24 Nov 2017

Green is the new black: Plant-based diets

Anne writes*

With awareness of climate change and the environmental impacts of our behavior rising, documentaries such as “Cowspiracy” and “What the health?” seem to offer solutions to not one but several challenges we face. By adopting a plant-based diet, we (humanity) are supposedly able to better preserve the planet and to combat growing issues of malnutrition in the developed world. A question posing itself is whether or in how far the vision of a conversion to a diet made up solely by plant-based products is actually able to solve these problems. In this post we distinguish between a vegan lifestyle, in which no animal products are consumed, and eating vegan, in which the neglect of animal products is limited to diet. The impacts investigated here are the ones of the vegan eating.

Generally, vegan diets have shown to be more environmentally friendly than diets including animal products. Studies that compared eating patterns covering the same nutrients and caloric intakes have established this unequivocally. In doing so, categories that have been compared include water use, land use, eutrophication and others, or are more broadly comprised of the carbon, water and ecological footprints of eatable products. However, when they allow for variation in individual eating patterns, the individual water footprint of vegan food consumption comes to be close, equal to, or surpassing those of an omnivore. For one, this has been the case with individuals who were solely consuming fruit. This is due a need for a significantly higher volume and calorie intake due to high water, low protein and low fat contents of fruit. For the other, plant-based eating has increasingly big water footprints the more heavily it relies on processed meat and dairy replacements and/or high-fat plant products such as nuts. This is due to the water usage in processing foods as well as in growing and processing high-fat plant products. Hence it is easier to achieve a more environmentally friendly impact of food consumption by omitting animal products, but individuals need to account for the water consumption in cultivating some foods and high intake needs of certain forms of vegan eating.

Animal agriculture and all means of production coming with it make up 18-(51%) of greenhouse gas emissions (GHGs) as well as 29% of the global water footprint. Eighteen percent of total GHG emissions originate from the EU. Thus, if 10% of the inhabitants of the European Union converted to conscious plant-based eating (see image at right), global GHGs could be lowered by up to 3%. Further, the EU’s water footprint could be decreased by 3.5% if 10% of its people converted. This shows that changes in eating patterns in the developed world can have significant effects on total emissions and water consumption. Plant-based eating has also been linked to a 10%-14% decrease in mortality risk due to heightened consumption of unprocessed foods.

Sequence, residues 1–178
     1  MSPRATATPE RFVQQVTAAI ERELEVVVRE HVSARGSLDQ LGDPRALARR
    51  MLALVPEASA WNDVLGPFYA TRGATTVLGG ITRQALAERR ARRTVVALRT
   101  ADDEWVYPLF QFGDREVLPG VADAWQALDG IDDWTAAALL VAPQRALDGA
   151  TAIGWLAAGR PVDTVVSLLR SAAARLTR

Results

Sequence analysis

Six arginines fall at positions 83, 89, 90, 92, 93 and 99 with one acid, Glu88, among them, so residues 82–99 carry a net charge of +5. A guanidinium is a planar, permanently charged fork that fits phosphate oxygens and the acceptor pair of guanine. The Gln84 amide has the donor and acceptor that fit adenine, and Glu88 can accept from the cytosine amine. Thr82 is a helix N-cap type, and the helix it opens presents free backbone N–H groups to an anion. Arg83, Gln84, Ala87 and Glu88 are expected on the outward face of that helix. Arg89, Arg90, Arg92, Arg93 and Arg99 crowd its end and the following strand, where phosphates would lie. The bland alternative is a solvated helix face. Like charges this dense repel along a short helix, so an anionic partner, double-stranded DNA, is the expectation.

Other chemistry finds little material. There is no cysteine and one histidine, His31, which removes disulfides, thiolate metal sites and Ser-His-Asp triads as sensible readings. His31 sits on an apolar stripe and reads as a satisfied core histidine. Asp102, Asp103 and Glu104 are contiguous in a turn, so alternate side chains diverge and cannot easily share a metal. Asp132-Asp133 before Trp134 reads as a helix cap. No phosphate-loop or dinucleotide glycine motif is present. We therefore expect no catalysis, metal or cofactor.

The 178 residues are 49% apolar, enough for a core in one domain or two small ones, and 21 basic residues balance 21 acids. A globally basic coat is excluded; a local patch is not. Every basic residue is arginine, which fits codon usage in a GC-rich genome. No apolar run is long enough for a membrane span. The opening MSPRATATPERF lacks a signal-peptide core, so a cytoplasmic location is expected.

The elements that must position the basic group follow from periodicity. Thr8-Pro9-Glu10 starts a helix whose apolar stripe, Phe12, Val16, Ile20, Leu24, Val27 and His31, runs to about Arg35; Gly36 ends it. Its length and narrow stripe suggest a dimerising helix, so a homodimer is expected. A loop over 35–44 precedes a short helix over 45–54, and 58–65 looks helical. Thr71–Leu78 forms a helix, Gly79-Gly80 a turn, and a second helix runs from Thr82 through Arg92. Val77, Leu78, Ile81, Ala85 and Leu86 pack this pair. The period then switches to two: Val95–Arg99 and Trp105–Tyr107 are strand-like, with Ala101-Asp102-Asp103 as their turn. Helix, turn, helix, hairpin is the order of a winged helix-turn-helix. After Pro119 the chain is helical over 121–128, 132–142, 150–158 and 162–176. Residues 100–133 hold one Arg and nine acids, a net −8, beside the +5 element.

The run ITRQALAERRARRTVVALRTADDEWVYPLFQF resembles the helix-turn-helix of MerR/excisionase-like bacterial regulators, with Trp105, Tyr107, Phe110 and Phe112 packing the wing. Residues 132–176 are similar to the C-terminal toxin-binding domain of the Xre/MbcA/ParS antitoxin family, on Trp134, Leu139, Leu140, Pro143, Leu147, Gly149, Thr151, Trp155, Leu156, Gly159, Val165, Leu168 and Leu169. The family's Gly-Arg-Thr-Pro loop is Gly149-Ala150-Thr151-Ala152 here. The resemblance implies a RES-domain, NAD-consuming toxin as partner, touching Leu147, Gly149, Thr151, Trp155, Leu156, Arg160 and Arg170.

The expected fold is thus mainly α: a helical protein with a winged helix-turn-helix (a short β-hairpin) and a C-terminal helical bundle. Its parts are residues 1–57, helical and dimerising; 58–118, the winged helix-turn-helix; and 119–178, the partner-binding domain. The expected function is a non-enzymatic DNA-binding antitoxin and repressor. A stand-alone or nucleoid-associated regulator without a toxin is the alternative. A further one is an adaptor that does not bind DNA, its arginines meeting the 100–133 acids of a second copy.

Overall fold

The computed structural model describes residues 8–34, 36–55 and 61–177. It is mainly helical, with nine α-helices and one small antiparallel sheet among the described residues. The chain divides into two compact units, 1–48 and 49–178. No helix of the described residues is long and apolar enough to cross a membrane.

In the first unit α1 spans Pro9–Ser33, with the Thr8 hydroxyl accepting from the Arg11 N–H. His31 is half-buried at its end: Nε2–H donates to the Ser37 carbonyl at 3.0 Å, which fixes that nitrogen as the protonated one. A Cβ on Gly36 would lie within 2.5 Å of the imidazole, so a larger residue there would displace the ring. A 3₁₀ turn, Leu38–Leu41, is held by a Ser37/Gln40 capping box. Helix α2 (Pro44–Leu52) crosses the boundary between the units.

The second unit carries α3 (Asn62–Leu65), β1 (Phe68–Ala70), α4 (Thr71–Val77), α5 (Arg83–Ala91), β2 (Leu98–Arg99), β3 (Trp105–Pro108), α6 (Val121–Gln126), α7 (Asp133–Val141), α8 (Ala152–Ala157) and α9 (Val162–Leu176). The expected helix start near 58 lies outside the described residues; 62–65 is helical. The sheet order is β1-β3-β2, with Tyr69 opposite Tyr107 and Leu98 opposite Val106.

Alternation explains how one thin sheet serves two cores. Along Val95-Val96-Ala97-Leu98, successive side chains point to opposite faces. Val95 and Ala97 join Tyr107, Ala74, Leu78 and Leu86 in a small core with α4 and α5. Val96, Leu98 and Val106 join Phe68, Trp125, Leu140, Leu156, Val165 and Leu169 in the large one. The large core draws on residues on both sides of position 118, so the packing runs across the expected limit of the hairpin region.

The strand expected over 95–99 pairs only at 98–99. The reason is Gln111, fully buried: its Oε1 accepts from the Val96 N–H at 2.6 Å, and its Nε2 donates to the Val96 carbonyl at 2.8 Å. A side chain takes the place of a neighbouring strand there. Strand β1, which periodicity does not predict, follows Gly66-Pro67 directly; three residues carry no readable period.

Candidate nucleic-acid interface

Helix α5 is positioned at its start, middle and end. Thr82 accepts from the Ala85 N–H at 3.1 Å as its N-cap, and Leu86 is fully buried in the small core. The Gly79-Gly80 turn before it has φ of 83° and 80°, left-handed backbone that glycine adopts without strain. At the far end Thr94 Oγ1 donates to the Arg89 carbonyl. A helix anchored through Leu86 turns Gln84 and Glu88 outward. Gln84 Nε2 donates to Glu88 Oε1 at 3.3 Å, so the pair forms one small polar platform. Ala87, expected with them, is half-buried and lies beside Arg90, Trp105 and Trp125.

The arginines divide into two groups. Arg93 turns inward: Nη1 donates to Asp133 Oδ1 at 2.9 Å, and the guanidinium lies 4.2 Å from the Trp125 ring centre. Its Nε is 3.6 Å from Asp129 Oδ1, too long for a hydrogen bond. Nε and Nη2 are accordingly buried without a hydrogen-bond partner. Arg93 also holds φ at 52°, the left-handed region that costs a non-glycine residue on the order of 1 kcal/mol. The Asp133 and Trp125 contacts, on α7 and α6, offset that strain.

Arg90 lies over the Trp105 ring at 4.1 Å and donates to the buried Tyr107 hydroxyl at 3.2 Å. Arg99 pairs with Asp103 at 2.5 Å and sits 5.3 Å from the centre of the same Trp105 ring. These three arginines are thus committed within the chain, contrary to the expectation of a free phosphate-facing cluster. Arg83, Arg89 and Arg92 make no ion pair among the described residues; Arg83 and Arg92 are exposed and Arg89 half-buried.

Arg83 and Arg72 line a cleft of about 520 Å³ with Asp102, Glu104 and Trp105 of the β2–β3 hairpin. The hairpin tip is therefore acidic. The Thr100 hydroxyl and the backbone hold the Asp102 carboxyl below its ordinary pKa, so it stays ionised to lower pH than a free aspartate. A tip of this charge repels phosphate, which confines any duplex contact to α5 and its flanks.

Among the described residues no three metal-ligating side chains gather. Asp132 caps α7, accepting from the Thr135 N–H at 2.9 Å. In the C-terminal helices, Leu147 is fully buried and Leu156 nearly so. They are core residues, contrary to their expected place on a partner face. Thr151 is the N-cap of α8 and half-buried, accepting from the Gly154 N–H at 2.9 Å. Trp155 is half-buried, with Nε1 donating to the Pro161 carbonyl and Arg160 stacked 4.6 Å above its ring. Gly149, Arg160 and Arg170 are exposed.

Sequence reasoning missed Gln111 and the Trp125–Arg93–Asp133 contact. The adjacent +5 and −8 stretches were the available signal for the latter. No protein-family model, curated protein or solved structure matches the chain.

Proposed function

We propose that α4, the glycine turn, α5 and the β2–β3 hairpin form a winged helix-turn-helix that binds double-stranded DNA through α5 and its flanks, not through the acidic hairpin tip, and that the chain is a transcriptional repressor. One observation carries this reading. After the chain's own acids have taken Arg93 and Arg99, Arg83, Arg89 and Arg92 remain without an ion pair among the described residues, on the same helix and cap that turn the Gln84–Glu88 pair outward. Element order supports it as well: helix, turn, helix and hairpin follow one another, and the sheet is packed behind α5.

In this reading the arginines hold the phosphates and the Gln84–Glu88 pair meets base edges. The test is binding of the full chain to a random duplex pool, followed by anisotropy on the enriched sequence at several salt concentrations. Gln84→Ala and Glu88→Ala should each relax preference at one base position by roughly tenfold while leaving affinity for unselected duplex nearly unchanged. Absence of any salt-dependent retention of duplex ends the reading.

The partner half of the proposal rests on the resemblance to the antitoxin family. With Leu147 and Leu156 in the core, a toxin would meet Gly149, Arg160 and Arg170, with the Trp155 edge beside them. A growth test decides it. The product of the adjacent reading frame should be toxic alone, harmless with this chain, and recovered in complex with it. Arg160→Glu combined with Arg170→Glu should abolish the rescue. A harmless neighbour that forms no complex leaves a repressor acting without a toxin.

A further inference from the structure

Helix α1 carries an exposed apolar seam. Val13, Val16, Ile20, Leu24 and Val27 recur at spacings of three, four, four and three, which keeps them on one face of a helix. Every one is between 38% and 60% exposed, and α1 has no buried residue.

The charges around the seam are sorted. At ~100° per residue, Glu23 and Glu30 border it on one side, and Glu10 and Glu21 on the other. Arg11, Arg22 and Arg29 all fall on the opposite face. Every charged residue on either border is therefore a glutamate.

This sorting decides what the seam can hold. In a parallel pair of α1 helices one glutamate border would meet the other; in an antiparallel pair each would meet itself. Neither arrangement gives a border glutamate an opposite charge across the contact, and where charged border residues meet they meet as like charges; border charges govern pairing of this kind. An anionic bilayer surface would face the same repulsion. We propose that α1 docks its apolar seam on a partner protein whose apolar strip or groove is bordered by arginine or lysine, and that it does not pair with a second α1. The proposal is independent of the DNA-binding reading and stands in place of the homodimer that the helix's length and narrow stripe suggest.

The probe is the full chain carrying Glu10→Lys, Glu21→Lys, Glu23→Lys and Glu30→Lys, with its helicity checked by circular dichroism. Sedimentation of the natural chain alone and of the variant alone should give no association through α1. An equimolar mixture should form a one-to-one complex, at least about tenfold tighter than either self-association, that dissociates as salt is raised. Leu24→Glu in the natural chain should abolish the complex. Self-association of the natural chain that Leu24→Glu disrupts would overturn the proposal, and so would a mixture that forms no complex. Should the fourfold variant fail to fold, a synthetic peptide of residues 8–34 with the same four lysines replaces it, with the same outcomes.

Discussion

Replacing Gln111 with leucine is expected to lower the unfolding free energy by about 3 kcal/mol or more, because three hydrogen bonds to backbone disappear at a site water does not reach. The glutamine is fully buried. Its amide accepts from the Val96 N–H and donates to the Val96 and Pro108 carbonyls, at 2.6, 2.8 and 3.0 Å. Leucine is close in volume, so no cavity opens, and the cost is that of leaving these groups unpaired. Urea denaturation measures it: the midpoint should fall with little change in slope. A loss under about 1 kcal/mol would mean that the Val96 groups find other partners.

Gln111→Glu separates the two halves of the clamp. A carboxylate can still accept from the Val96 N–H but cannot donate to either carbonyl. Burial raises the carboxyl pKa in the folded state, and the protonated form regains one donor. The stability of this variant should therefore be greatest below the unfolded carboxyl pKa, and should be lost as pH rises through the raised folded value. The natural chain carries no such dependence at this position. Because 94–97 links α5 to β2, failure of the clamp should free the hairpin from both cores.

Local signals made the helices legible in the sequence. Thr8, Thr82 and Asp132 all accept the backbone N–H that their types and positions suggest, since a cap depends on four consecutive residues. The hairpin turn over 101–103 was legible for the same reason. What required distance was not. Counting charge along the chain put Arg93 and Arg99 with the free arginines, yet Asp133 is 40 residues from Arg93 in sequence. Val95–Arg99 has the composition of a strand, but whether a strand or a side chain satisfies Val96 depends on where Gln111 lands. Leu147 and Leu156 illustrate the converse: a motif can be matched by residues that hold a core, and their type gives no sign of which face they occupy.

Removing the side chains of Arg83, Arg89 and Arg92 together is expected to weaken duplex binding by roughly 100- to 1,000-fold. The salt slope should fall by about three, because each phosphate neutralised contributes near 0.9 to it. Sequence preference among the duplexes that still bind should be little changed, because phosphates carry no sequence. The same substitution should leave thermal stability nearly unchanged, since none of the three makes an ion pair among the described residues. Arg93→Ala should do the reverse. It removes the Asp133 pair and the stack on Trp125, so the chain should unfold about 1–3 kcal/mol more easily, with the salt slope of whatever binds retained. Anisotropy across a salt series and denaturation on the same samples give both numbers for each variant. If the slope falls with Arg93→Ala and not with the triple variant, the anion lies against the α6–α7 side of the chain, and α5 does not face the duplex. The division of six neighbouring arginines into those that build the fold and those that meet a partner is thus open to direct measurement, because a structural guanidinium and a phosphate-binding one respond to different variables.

To conclude, plant-based eating appears to positively affect the impacts the food we consume has on our environment. However, it is important to not forget that eating vegan cannot offset all “climate sins” one can commit in the developed world: Flying frequently will still greatly enlarge one’s ecological footprint. Hence, the impression that going vegan justifies all other consumption habits is not true; adopting a plant-based lifestyle as described above is better than nothing but does not automatically warrant completely environmentally friendly living.

Bottom line: Plant-based eating can significantly change the impact food consumption has on the planet for the better. However, one needs to adhere to a balanced diet not including many processed foods in order to achieve this. Simultaneously, one must keep in mind that plant-based eating can only be the start to behaving in an environmentally friendlier manner.

* Please help my environmental economics students by commenting on unclear analysis, other perspectives, data sources, etc. (Or you can just say something nice :)